Extreme lines down steep slopes of the North American wilderness and helicopters that keep flying you back up to the tops of breathtaking peaks—it’s like a childhood dream for most snowboarders. To be honest, after carving an amazing line, who wouldn’t like to say “Scotty, beam me up again!”… and then hurtle down the mountain one more time.
Ride Greener and Coupdoeil Film tried a totally different approach in the winter of 2012/2013. Their goal was to show the ski scene and film industry that spectacular descents and childhood dreams can be achieved in front of your own doorstep, without jetting around the world or getting dropped off by helicopters. Since the whole thing should take place in the most environmentally friendly way possible, flights, helicopters, and snowmobiles were never used. Arrival to the base and transportation within the mountains was achieved solely with public transportation and by foot, in order to keep the CO2 emissions of the production as low as possible.
After 6 months of shooting, thousands of steps, uncountable drops of sweat and bitterly cold nights in the wilderness of the Alps, the film-makers and riders had to admit that it is still an illusion to produce a snowboard film without putting any stress on the environment. Eventually you arrive at the point where a late bus connection in the springtime has to be replaced by a car. Moreover, even public buses and trains use energy, and without gas there would be no warm dinner in the bivouac.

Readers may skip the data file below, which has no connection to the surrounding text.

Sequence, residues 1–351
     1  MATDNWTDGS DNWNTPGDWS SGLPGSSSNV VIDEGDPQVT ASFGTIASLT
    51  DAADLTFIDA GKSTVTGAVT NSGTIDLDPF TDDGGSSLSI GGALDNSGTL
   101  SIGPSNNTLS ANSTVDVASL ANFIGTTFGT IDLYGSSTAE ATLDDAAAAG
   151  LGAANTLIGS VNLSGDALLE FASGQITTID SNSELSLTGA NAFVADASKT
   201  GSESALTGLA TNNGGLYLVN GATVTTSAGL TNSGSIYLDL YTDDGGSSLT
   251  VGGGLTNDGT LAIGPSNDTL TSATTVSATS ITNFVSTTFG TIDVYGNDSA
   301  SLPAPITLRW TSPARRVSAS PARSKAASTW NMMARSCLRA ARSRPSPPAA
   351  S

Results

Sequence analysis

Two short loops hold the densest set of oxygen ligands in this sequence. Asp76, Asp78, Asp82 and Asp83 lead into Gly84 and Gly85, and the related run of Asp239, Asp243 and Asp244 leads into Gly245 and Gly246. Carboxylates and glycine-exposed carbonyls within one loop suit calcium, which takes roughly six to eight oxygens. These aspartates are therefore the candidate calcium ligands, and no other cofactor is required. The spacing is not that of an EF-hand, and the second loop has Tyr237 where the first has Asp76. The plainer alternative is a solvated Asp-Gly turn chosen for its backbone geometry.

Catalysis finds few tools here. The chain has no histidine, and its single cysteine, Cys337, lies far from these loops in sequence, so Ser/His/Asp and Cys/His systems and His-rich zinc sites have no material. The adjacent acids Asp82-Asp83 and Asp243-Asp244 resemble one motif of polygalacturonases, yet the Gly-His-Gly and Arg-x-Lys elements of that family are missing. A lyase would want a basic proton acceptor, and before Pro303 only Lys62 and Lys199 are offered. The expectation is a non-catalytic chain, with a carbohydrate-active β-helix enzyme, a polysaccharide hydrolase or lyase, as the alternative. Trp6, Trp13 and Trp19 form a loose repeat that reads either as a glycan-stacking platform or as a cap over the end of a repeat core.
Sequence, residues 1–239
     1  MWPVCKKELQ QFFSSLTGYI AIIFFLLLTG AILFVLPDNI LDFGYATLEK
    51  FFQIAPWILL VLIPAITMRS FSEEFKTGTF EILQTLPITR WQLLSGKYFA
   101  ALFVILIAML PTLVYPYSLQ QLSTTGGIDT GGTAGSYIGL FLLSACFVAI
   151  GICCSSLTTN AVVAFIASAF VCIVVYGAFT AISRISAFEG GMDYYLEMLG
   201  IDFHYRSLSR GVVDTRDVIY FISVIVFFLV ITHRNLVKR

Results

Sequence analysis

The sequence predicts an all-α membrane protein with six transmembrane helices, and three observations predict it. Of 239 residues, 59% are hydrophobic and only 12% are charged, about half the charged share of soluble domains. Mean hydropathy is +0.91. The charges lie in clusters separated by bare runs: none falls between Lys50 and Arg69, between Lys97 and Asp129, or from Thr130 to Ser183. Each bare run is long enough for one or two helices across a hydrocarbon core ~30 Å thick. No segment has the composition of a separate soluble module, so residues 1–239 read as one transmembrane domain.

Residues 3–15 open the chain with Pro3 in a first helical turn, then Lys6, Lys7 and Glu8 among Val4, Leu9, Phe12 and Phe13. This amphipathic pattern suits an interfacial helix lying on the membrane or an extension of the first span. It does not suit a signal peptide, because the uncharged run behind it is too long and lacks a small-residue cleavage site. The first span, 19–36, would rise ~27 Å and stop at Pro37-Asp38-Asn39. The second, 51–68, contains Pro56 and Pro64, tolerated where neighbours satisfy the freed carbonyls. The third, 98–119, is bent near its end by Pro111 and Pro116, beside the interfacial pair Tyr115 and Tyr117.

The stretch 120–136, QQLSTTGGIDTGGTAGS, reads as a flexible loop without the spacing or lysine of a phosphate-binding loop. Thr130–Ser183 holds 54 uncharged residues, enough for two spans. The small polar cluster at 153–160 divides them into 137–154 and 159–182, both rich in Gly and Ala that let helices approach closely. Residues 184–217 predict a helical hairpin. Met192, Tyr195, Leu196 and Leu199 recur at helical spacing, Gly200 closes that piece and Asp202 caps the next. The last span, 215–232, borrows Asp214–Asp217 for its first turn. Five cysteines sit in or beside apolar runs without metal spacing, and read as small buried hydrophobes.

Nevertheless, Sten Smola, founder of Ride Greener and a Patagonia Snowboard Ambassador, is convinced that the film can be a first step towards a new sustainable winter sports paradigm.
“Exploring new grounds in front of your own doorstep in the Alps by foot, with a snowboard on the back and help from public transportation, isn’t just a promising example of living up to sustainability demands. With each step, you also regain the feeling of distance, space, and time in their natural dimensions”, says Smola.
At the same time, one has to be aware that such a pioneering film project requires quite a lot of sweat, strength, and nerves. Success or failure are never far apart, as even the best laid plans can go awry when you are on foot. All too often, the weather and sought-after slopes present ideal conditions on only a few winter days. If you are at the wrong place at the wrong time, you just had bad luck and have to—in the worst case—wait another year.
There is no helicopter that can quickly fly you to the other side of the valley where the fog has already moved out or where the wind hasn’t blown away all the snow. On top of that, the numerous action shots have to be at a high level. The filmgoers don’t make a compromise here only because the scenes were shot in an environmentally friendly way.
“That is the unfair part of a climate-friendly film production,” says Stephan Hermann from Coupdoeil Film.
With a helicopter you can take about as many shots in one day as in ten days on foot. “That can definitely be frustrating, but in the end it’s worth it. You are doing a favour for the environment as well as for yourself”, says Hermann. In the end, you live each line much more intensely and the memory stays with you for longer. The best thing of all, however, is the realization that you can make a difference all by yourself.
The first and only magazine dedicated entirely to the splitboarding world, featuring all the information related to mountains, splitboards, bindings, trip reports, interviews, equipment reviews and more.